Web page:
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Germany’s Federal Cartel Office Calls for the EU Court of Justice’s Guidance on Important Patent Licensing Issues6月 25, 2020
On June 18, 2020, Germany’s Bundeskartellamt (Federal Cartel Office) filed an amicus curiae brief in German patent litigation between Nokia and Daimler AG, recommending that the European Union’s highest court—the Court of Justice of the European Union (CJEU)—opine on a series of questions that go to the heart of disputes over the licensing of standard-essential patents (SEPs). According to reports, the Federal Cartel Office called on the Mannheim District Court to seek a preliminary ruling from the CJEU on how to interpret EU law with regard to four questions:
- Whether a SEP holder’s refusal to fully license a component manufacturer, while simultaneously pursuing an infringement action and injunctive relief against a manufacturer of the end product, constitutes an abuse of dominance under Article 102 of the Treaty on the Functioning of the European Union (TFEU);
- Whether a SEP holder is free to choose the target of an infringement action regardless of the target’s position in the value chain, or whether certain criteria need to be taken into account;
- Whether patent infringement lawsuits pursued by SEP holders against a given company in the supply chain serve a competitive purpose, when other companies in the supply chain are willing to take a license but do not receive a full license from the SEP holder; and
- Whether holders of FRAND-encumbered SEPs can refuse to license firms at certain stages of the supply chain.
The Federal Cartel Office’s intervention is the latest development in a long-running battle between wireless SEP holder Nokia and automobile manufacturer Daimler, that, according to the agency, “has raised general antitrust issues which are relevant beyond the scope of this particular case.” Nokia and other wireless SEP holders have sued Daimler in German district courts, seeking exclusionary remedies for Daimler’s alleged infringement of patents claimed to be essential to various wireless communication standards. For their part, Daimler and certain automotive component manufacturers asked the European Commission’s Directorate-General for Competition to investigate Nokia’s licensing practices as potential abuses of dominance under the TFEU. The Mannheim District Court had been set to issue a decision in one of the Nokia-Daimler infringement cases, but has reportedly postponed that decision until at least August 4, 2020—quite possibly on account of the Federal Cartel Office’s letter.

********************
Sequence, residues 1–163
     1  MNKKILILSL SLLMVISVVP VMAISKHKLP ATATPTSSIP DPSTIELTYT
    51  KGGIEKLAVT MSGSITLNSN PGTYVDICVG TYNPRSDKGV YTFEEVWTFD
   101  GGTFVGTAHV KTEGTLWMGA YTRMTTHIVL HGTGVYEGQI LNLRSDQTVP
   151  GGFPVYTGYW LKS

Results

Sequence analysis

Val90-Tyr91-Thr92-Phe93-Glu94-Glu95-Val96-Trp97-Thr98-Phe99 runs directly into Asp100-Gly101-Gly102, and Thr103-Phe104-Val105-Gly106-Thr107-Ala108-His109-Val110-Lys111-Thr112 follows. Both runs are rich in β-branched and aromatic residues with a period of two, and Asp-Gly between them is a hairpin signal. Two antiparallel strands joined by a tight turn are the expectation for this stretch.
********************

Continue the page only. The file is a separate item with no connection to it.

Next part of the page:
The Federal Cartel Office’s initiative comes at a time of uncertainty over SEPs and FRAND licensing in the European Union and the United States. In the words of the German agency, “markets and market players find it important that companies have incentives to invest in the development of standards. It is also important that the markets on which these standards have to be used be kept as open and competitive as possible and that as many market players as possible have access to the standards. In this context of conflicting interests it has to be clarified which criteria a provider of patents that are essential for a standard has to observe in order to ensure the protection of his investments and technologies in legal disputes.”
Across the Atlantic, the Antitrust Division of the U.S. Department of Justice, the U.S. Patent & Trade Office, and the U.S. National Institute of Standards and Technology (NIST) issued a new joint policy statement in December 2019 in which they address the availability of exclusionary remedies in cases involving SEPs1. The agencies broke from a past policy statement that had recommended a cautious approach. They now urge courts and regulatory bodies to consider using exclusionary remedies to redress what the agencies identify as the “harm to innovation and dynamic competition” caused by infringement of SEPs2. Whether that guidance will prompt courts and regulatory agencies like the U.S. International Trade Commission to order exclusionary remedies with greater frequency remains to be seen.
Should the Mannheim court follow the Federal Cartel Office’s recommendation, stay proceedings, and refer the four questions to the CJEU, it might take up to two years before the CJEU issues a preliminary ruling. At least as a matter of EU law, such a ruling would provide much needed guidance on the scope of FRAND commitments as well as the rights and obligations of SEP holders, especially for end product manufacturers and SEP licensors. A CJEU decision might also serve as a guidepost for courts in the United States, which are grappling with similar legal questions.
For years, O’Melveny has advised clients on both sides of SEP licensing transactions. This expertise extends across jurisdictions, from the United States to China, Korea, and the EU, and covers the most complex legal questions involving SEPs. O’Melveny’s practitioners stand ready to assist and advise clients in all industries—including established industries like the automotive sector and emerging industries like the Internet of Things—who encounter FRAND and SEP-licensing issues.
2 Id. at 4.
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